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According to The World Bank Small and medium scale enterprises (SMEs) have contributed immensely to the growth and development of the global economy in terms of GDP and employment opportunities. In developed countries for example SMEs account for 60-70% of employment.  High growth SMEs make important contributions to technological innovation, new job creation and productivity growth. In countries like China, India and most Asian tigers SMEs account for 40% of all exports. Women –owned SMEs are growing at a faster rate than the economy as a whole in several developing countries. In developing Sub-Saharan Africa countries like Sierra Leone the role of SMEs have become more crucial as they have the potential to improve the standard of living through employment of youths, poverty reduction and export growth.
In a developing economy like Sierra Leone, Micro, Small, and Medium Enterprises play tremendous role in reengineering the socio-economic landscape of the country. These enterprises largely represent a stage in industrial transition from traditional to modern technology. The variation in transitional nature of this process is reflected in the diversity of these enterprises. Most of the small enterprises use simple skills and machinery as well as local raw materials and technology. Micro, Small, and Medium Enterprises are vital in developing the Sierra Leone economy for the following reasons: social and political role in local employment creation, balanced resources utilization, income generation, utilization of local technology and raw materials and in helping to promote industrial development .
There is growing realization on the part of the Government that instead of the promotion of large-scale enterprises, it should  promote micro, small, and medium enterprises. Until recently, the micro, small and medium enterprises were virtually neglected in the Sierra Leone Economic Development Strategy.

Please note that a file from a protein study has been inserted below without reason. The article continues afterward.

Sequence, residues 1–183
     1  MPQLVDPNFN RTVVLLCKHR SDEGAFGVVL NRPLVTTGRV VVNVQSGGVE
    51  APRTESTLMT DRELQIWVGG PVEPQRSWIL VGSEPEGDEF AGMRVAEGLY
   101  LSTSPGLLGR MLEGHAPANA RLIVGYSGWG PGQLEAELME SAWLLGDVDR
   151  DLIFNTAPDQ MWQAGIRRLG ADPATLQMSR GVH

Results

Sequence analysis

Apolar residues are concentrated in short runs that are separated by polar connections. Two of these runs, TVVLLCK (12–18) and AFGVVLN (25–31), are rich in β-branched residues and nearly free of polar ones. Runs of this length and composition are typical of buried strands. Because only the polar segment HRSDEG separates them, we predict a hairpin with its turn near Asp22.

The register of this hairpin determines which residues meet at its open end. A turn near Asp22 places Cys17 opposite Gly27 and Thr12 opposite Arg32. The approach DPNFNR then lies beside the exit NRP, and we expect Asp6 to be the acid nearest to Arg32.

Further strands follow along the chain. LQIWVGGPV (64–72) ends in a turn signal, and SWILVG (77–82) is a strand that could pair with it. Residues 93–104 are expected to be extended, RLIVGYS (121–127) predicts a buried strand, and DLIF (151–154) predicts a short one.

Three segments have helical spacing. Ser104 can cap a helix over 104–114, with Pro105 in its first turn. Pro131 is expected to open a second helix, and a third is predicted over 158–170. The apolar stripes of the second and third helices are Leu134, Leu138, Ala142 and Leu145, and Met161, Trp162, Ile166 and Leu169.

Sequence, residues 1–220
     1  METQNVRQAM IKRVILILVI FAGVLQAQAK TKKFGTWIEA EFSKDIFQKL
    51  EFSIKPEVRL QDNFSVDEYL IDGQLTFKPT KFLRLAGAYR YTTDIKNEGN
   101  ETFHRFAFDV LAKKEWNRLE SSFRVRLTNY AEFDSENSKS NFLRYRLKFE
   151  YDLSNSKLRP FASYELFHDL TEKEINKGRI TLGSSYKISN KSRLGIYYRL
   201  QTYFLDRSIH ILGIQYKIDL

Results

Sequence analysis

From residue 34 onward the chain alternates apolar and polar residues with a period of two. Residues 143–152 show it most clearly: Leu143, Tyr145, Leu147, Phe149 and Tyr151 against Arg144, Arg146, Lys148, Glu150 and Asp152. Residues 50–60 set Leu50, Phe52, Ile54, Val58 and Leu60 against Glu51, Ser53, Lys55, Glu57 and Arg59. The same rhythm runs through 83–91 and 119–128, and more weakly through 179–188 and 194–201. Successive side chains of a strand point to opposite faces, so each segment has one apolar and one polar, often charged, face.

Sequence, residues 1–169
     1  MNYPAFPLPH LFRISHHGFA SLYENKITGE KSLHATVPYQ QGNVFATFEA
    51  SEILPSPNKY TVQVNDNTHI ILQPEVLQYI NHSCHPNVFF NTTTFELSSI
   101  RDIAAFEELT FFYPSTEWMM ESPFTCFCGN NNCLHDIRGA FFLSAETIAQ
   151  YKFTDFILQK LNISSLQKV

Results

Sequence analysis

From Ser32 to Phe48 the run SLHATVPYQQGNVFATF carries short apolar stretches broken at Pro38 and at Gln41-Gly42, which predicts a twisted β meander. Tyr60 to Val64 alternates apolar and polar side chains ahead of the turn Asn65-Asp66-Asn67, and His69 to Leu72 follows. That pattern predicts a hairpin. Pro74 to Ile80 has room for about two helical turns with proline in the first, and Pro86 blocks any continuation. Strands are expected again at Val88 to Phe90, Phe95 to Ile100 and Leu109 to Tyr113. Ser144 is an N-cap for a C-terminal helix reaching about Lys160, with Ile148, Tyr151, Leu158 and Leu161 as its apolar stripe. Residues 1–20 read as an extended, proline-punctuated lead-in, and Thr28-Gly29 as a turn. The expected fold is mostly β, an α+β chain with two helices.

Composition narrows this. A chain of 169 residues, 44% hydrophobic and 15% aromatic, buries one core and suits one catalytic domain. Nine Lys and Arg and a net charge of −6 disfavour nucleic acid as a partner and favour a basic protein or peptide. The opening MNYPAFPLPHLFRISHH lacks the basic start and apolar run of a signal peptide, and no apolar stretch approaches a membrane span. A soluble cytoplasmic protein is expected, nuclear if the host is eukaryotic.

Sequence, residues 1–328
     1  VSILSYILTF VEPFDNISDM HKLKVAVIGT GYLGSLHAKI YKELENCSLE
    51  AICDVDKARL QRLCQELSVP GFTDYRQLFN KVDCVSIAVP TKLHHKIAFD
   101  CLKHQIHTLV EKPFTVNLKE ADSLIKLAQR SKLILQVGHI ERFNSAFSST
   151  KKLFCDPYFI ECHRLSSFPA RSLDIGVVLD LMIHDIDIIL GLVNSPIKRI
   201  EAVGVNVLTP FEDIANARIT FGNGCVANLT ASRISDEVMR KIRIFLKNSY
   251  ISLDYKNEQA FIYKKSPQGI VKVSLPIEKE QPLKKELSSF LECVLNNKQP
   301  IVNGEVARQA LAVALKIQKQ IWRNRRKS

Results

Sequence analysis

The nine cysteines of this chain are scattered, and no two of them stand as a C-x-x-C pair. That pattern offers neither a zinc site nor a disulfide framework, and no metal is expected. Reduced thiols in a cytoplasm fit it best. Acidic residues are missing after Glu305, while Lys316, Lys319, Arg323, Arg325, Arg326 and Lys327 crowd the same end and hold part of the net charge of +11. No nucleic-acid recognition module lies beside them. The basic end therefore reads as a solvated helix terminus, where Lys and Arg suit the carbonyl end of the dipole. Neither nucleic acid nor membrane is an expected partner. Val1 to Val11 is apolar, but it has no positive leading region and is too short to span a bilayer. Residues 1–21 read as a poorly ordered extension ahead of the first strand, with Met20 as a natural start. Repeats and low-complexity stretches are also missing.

Government must create an enabling and friendly environment in which Micro, Small and Medium Enterprises would flourish, and entrepreneurial instincts aroused so that the entrepreneurs may get maximum output and rewards from their efforts. Radical liberalization and deregulation should be introduced to make the Sierra Leone economy progressively market-oriented and integrated with the emerging global economic structure in a sustainable manner.
In view of the above, the Government has realized the importance of this sector as a catalyst for the growth, productivity and competitiveness of the economy. Not only are they the seedbed for wealth creation, employment generation and poverty reduction, they have been recognized as critical breeding and nurturing grounds for domestic entrepreneurial capacities, technical skills, technological innovativeness and managerial competencies for the development of a vibrant and productive economy.
The present socio-economic development challenges confronting Sierra Leone is exacerbated by the changing demographic profile of the country. The number of unemployed is now at an alarming rate , of which the proportion of the educated youth will also continue to rise. Therefore, the need for strong, accelerated economic growth and development are now more acute than ever.